I ask you to consider the following: Mormonism is a genuine religious movement, with persistent and characteristic religious and cultural experiences growing out of a unique and coherent theology and a true and thus powerful mythic vision, and it has already produced and is producing the kinds and quality of literature that such experiences and vision might be expected to produce; it is, in fact, right now enjoying a kind of bright dawning, if not a flowering then certainly a profuse and lovely budding, in its literary history.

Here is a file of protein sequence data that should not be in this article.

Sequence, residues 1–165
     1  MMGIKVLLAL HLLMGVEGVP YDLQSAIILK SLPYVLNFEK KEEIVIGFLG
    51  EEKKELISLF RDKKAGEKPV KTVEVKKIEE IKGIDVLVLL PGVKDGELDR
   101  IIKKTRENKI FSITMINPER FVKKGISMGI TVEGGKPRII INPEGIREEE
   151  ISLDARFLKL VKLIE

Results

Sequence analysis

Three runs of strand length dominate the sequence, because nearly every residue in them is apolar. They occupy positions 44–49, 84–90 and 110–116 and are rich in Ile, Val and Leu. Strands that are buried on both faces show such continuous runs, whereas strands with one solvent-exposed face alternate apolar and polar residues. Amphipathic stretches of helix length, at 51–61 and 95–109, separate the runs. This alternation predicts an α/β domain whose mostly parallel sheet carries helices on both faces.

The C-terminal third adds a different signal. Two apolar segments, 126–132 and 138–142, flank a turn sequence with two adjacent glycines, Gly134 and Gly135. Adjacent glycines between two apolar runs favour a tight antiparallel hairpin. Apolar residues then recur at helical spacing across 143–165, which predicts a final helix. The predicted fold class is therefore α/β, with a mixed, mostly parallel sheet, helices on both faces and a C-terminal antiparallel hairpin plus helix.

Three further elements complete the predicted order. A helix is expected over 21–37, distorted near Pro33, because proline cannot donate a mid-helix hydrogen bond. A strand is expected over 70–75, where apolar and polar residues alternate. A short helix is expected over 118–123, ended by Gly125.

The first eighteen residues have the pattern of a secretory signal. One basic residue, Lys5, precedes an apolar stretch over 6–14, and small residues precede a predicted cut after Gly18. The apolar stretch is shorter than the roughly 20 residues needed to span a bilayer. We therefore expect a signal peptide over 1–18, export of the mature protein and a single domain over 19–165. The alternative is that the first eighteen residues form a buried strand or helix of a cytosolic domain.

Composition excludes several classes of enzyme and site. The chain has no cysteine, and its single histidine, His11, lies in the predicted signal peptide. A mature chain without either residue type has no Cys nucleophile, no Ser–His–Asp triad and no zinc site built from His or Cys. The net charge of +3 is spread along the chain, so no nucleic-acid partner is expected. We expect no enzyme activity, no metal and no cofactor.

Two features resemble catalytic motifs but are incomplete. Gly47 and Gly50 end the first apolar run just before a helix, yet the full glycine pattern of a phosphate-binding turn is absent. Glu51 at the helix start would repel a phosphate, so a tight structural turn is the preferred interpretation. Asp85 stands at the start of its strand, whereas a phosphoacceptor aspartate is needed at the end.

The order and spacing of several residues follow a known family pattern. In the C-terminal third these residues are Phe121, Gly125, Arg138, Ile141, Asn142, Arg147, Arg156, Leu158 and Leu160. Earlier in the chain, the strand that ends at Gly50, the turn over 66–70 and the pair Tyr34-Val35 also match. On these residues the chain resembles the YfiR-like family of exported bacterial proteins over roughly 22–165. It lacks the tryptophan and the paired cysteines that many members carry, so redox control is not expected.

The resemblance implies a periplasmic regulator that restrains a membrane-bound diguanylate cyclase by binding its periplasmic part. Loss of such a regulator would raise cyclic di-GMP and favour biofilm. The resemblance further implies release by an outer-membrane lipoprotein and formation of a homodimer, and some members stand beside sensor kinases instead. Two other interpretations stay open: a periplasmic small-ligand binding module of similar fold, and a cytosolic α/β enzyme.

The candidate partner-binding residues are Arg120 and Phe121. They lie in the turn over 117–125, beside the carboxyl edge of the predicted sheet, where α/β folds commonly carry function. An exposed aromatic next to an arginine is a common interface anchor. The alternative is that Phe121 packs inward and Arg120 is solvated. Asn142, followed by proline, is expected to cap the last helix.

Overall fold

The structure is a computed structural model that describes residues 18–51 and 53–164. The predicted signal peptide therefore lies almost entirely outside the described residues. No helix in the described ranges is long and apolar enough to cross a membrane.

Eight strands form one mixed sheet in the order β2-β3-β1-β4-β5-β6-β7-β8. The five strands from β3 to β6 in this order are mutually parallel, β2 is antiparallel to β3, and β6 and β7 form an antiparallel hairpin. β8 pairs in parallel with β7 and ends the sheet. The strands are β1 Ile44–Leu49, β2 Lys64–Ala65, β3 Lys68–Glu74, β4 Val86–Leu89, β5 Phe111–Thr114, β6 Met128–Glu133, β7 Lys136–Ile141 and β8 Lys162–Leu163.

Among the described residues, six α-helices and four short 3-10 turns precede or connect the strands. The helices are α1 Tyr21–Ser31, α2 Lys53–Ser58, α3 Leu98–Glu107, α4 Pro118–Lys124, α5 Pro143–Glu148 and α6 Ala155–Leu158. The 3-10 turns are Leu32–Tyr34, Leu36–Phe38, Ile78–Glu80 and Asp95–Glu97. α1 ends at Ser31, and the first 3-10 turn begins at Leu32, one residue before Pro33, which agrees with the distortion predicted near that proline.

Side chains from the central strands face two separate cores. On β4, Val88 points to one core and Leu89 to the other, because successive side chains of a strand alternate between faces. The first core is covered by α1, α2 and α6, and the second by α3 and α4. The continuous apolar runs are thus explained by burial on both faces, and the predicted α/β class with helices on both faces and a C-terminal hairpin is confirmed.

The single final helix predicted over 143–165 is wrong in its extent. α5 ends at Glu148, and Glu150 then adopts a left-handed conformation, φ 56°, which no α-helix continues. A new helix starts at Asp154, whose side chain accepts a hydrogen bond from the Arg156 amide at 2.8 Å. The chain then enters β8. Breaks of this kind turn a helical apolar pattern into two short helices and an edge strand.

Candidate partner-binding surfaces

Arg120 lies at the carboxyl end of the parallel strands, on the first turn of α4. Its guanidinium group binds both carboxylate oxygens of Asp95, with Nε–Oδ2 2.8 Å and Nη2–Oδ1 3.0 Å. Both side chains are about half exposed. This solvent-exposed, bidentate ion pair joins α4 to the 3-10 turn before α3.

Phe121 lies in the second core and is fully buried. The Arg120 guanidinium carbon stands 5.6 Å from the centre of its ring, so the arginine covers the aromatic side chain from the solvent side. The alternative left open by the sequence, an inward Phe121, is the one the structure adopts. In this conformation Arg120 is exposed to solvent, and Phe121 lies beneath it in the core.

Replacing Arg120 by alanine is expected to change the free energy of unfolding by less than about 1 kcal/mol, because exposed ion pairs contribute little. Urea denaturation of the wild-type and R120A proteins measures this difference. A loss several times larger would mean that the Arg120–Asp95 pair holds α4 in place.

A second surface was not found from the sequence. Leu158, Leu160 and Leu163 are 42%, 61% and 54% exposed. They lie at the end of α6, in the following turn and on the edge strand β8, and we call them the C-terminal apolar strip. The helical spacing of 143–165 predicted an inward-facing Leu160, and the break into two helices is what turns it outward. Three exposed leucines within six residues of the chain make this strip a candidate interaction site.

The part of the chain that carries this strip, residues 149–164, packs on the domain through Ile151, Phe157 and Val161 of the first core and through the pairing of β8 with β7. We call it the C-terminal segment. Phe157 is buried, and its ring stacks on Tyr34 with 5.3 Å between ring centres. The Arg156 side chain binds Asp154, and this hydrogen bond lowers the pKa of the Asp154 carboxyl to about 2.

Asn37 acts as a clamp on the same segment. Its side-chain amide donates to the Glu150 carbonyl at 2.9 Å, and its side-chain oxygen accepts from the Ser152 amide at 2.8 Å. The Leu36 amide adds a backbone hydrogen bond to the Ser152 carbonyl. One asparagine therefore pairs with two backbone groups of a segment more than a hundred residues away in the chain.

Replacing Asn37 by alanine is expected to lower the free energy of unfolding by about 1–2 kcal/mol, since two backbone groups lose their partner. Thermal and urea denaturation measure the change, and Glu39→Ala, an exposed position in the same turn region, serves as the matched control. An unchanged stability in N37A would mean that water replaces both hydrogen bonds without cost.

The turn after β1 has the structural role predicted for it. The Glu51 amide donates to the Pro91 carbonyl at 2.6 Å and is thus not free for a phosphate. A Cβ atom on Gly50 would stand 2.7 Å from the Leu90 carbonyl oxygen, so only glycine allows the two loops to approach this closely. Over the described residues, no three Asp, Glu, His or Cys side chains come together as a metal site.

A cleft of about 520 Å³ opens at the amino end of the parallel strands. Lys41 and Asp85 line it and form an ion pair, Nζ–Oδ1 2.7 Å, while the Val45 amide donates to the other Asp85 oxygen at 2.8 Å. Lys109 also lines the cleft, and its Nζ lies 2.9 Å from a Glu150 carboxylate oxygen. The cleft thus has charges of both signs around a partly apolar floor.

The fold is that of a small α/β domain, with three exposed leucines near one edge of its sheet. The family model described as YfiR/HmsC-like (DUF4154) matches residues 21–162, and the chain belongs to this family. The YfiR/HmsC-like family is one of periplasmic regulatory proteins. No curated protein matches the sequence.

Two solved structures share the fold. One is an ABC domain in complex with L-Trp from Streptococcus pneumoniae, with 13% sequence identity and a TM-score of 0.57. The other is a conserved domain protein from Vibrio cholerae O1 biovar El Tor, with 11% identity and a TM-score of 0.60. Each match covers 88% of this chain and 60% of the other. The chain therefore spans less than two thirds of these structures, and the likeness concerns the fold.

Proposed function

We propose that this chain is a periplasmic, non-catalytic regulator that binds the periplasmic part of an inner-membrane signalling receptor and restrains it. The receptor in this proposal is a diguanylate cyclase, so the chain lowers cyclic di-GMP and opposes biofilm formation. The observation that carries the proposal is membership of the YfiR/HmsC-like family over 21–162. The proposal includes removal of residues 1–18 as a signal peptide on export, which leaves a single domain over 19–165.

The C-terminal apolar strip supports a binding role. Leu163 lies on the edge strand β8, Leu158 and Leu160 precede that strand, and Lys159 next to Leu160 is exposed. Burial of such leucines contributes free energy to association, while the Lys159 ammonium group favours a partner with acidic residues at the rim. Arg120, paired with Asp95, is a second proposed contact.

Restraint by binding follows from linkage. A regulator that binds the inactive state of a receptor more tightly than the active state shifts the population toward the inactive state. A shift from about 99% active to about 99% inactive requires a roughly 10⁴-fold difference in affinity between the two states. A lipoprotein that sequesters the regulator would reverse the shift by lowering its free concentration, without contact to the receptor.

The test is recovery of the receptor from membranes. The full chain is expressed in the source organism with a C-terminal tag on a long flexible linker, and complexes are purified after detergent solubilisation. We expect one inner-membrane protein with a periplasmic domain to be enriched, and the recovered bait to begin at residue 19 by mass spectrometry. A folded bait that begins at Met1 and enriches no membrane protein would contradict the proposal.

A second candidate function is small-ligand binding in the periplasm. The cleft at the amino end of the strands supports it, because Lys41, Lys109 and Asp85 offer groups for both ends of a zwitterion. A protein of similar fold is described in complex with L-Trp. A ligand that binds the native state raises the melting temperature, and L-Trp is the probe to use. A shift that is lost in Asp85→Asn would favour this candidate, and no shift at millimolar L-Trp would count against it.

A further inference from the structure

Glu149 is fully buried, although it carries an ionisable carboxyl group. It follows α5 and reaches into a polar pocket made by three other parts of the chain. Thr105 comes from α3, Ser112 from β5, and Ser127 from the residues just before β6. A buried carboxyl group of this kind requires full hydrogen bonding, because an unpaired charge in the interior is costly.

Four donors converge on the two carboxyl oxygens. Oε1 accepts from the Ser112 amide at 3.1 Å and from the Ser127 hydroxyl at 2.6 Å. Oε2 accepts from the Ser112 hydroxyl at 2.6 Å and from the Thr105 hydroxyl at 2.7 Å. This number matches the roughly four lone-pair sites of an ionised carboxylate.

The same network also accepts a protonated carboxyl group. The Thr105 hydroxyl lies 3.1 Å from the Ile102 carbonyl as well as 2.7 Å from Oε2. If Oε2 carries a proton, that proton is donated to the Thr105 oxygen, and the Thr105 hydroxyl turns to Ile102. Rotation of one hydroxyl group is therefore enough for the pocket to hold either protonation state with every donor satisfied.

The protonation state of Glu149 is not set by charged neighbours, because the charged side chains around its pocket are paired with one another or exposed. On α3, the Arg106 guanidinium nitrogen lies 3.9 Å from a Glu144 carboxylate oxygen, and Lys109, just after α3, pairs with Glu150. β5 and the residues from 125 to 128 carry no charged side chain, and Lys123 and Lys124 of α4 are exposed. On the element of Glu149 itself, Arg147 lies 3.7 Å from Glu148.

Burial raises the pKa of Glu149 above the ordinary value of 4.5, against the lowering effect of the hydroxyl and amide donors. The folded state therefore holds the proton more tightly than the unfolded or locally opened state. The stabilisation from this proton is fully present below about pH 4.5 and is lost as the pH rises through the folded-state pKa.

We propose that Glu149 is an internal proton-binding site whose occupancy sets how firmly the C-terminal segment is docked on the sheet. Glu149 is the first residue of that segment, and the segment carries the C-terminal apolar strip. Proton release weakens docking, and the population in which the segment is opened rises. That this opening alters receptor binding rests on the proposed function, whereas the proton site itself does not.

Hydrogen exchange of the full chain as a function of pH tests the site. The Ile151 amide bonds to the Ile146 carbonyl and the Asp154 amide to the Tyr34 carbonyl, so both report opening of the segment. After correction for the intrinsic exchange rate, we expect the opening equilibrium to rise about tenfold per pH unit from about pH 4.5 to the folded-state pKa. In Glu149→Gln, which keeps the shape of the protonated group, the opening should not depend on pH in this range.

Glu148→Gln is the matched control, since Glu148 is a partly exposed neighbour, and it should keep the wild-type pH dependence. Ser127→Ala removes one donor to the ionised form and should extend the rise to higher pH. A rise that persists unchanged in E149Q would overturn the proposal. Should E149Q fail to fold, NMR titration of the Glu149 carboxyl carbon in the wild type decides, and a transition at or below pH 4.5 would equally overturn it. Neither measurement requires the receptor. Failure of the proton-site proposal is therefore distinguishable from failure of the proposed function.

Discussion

Many of us, at least until recently, could be excused for not knowing there is a Mormon literature. A serious anthology of Mormon literature, providing a full view of the quality and variety over our nearly 150-year history, was first published only a few years ago. That was Richard Cracroft and Neal Lambert’s A Believing People. At about the same time, these two scholars inaugurated, at Brigham Young University, the first course in Mormon literature. The Association for Mormon Letters, the first professional organization intended to study and encourage Mormon literature, is only a few years old. We have as yet no scholarly bibliography of Mormon literature, no full-scale literary history or developed esthetic principles, little practical and less theoretical literary criticism. The most basic scholarly work—the unearthing and editing of texts, development of biographical materials, and serious literary analysis of our acknowledged classics—is still largely undone.